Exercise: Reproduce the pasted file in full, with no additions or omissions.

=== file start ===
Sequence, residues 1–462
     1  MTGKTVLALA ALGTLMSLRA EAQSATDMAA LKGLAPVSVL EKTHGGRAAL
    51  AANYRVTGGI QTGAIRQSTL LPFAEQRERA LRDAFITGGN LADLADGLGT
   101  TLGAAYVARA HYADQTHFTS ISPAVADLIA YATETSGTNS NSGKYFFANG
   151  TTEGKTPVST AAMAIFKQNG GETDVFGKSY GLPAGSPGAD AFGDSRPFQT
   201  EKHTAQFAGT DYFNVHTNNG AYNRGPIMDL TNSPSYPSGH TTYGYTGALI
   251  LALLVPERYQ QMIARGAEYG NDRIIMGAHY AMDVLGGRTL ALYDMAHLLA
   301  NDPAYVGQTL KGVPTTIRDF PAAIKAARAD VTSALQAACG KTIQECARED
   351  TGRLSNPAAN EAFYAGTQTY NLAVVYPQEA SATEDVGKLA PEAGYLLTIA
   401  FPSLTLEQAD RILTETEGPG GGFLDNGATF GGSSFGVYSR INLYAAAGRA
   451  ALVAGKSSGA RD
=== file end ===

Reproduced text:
Sequence, residues 1–462
     1  MTGKTVLALA ALGTLMSLRA EAQSATDMAA LKGLAPVSVL EKTHGGRAAL
    51  AANYRVTGGI QTGAIRQSTL LPFAEQRERA LRDAFITGGN LADLADGLGT
   101  TLGAAYVARA HYADQTHFTS ISPAVADLIA YATETSGTNS NSGKYFFANG
   151  TTEGKTPVST AAMAIFKQNG GETDVFGKSY GLPAGSPGAD AFGDSRPFQT
   201  EKHTAQFAGT DYFNVHTNNG AYNRGPIMDL TNSPSYPSGH TTYGYTGALI
   251  LALLVPERYQ QMIARGAEYG NDRIIMGAHY AMDVLGGRTL ALYDMAHLLA
   301  NDPAYVGQTL KGVPTTIRDF PAAIKAARAD VTSALQAACG KTIQECARED
   351  TGRLSNPAAN EAFYAGTQTY NLAVVYPQEA SATEDVGKLA PEAGYLLTIA
   401  FPSLTLEQAD RILTETEGPG GGFLDNGATF GGSSFGVYSR INLYAAAGRA
   451  ALVAGKSSGA RD